Although judges can have their own preferences and opinions, they use the USEF Rulebook to make sure standards are consistent. The rule book lists faults that the judges should penalize- but at their discretion. Major faults, such as a knockdown or refusal, incur sever penalties In these cases, horses usually receive a very low score for that single major flaw, often around a score of 40- which separates them from the group.
Other major faults are usually not penalized as severely, as they are more discretionary. For example, trotting on course and missing a lead change are both considered major faults. So if you fail to change your lead by the corner, it’s up to you to decide whether to trot and fix it or continue on the wrong lead- it’s up to the judge to choose a preference between the two. However, a late change is only a minor fault so if you can change in the next corner without sacrificing your jump, that may be preferable.
It’s also worth noting that the lesser group of faults can be considered major OR minor- again, according to judge’s discretion. It’s worth checking out these lists on page 12 of the hunter section of the rulebook, to make sure you understand what sort of things are most likely to be penalized.
Record-keeping & Symbology
Another major component of judging is record-keeping and organization. Judges must keep track of hundreds of trips per day, and often multiple classes at once. They must be able to pay attention for long periods of time, and to stay alert for changes or issues. They must know if a competitor jumps the wrong fence, or takes the wrong number of strides in a line. And then, they have to be able to very quickly and easily notate it on their cards so that in the end, they can efficiently rank them.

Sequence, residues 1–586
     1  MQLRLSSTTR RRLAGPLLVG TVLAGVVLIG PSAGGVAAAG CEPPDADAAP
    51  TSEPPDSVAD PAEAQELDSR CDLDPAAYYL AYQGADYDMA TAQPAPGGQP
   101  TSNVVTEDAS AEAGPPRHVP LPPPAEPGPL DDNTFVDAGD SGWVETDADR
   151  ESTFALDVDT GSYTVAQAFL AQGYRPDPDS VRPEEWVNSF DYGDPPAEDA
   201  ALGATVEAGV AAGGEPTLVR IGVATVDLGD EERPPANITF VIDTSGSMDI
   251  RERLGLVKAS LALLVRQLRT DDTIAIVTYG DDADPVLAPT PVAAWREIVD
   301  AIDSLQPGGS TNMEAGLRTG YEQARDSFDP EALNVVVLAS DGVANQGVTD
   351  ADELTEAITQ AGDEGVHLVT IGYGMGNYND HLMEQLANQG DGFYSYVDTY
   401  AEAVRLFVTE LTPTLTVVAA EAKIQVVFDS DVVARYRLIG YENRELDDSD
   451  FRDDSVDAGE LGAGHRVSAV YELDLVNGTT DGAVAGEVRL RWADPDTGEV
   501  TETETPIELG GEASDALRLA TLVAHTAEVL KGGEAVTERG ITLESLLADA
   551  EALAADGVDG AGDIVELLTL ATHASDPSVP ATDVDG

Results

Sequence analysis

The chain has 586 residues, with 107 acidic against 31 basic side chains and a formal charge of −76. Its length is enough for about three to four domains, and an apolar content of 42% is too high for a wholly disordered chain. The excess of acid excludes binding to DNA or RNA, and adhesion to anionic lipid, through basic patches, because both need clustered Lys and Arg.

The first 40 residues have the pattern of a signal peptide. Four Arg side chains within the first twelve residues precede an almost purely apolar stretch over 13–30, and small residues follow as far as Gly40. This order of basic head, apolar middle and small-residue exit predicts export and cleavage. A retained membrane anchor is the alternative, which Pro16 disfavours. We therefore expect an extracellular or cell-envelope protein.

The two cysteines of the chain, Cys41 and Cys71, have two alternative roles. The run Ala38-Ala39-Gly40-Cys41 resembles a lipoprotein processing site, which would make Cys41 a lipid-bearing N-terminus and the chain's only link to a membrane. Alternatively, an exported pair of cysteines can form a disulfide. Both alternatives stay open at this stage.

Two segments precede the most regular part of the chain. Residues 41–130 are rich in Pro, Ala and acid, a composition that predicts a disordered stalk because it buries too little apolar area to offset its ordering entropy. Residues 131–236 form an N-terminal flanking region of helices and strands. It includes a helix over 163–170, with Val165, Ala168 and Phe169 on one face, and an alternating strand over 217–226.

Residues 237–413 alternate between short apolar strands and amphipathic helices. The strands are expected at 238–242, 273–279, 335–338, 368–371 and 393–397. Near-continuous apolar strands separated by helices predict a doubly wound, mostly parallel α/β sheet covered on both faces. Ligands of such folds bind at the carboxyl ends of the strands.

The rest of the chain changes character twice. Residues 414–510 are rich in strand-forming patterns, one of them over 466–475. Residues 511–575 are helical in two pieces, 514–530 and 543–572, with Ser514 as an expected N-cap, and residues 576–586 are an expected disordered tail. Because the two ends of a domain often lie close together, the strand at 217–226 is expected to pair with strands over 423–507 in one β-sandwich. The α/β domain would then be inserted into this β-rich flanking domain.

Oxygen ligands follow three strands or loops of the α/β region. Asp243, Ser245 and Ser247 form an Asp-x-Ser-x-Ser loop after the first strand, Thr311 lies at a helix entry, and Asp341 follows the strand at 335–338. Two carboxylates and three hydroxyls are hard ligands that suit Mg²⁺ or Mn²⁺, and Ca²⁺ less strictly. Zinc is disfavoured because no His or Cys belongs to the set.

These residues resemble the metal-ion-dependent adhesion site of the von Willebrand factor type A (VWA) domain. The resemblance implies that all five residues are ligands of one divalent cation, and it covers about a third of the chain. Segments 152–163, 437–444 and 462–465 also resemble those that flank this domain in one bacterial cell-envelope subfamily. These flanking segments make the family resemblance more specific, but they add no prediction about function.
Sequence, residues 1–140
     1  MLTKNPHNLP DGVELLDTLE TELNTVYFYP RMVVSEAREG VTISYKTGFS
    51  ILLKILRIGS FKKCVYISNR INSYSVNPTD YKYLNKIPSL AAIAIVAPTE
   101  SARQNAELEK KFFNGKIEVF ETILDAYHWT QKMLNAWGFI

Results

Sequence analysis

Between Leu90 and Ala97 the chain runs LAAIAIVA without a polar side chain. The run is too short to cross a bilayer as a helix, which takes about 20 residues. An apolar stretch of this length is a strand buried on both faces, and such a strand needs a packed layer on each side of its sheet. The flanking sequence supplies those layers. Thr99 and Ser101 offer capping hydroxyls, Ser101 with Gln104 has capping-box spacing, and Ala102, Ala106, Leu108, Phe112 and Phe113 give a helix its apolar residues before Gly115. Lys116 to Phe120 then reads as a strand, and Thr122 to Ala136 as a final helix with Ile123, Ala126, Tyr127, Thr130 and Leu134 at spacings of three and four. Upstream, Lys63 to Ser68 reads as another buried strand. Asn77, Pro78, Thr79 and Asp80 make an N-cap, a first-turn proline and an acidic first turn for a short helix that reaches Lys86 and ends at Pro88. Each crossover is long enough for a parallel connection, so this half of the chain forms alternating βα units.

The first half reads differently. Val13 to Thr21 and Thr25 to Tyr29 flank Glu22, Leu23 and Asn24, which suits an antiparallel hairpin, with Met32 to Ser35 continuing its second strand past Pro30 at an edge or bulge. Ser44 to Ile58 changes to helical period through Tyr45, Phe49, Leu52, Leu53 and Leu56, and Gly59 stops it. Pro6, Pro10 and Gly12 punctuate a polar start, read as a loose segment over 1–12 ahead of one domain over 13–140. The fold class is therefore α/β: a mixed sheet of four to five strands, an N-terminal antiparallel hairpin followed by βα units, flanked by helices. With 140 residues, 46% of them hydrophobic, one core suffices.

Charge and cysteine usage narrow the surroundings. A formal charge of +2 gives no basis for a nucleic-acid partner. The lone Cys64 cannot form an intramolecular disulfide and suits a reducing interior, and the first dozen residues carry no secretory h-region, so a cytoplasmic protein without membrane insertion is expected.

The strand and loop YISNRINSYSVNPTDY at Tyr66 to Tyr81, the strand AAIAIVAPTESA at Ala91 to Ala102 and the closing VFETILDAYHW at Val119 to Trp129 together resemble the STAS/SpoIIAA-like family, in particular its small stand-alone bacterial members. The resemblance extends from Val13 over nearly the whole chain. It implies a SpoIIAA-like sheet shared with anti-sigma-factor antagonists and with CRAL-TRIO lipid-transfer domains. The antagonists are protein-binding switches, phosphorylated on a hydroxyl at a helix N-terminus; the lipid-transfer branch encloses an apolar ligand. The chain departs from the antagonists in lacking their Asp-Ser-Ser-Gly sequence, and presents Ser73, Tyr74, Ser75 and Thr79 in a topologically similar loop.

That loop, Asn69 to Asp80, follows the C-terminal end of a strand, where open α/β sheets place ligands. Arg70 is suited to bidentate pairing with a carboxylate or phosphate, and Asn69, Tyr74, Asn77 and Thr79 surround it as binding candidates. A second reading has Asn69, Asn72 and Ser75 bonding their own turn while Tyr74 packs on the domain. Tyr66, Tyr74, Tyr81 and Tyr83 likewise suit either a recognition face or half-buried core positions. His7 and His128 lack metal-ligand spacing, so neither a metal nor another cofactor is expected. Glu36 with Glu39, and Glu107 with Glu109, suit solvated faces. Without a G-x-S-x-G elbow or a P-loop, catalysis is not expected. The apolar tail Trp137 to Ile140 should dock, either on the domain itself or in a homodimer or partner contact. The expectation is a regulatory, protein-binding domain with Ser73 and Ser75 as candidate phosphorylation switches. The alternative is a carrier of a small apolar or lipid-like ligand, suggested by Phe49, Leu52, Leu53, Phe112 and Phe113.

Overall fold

Record keeping is one of the most challenging, and important components of judging. If a competitor wants to see the judge’s card after a class, they must speak to the steward at the show. A steward is the only one who is able to make those arrangements. However, this is typically uncommon, as a judge’s decision is final, and most competitors have respect for that, even if they don’t agree. If you do get a chance to look at the judge’s card, you will see a lot of markings and shorthand notes that may not make sense to you. Judges use symbols to indicate faults, or good jumps, or other remarkable components of the course. Most judges develop their own system of anywhere from 20-50 markings or abbreviations to help them rank horses. For example, a inverted “U” us often used to indicate a good, balanced jump.
New judges often keep a notebook of the symbols or abbreviations they use to indicate the way a horse performed. Some judges will just note a score, whether or not it is a “scored” class, in order to quantify the performances. Ultimately, it’s up to the judge to decide how they want to keep track. But a good judge can often reference their cards very quickly and then use their notes to remember exactly how a trip went for a particular horse. This can come in handy for the occasional snafu or confusion at the in-gate.
Remember that in order to get the experience that qualifies you to become a judge, or to really develop an appreciation for how a judge will evaluate you, you must show. Compete! Develop your sportsmanship, your character, your horsemanship, and a true understanding of how to compete successfully. A great trainer is crucial for framing all of these experiences properly. So, North Carolina riders- you know who to call! Alicia Wilkerson of HorseShowLeases.com, who has the horses and the experience to help you find horse show success!
Above photo courtesy of Meggan Shaw-Butler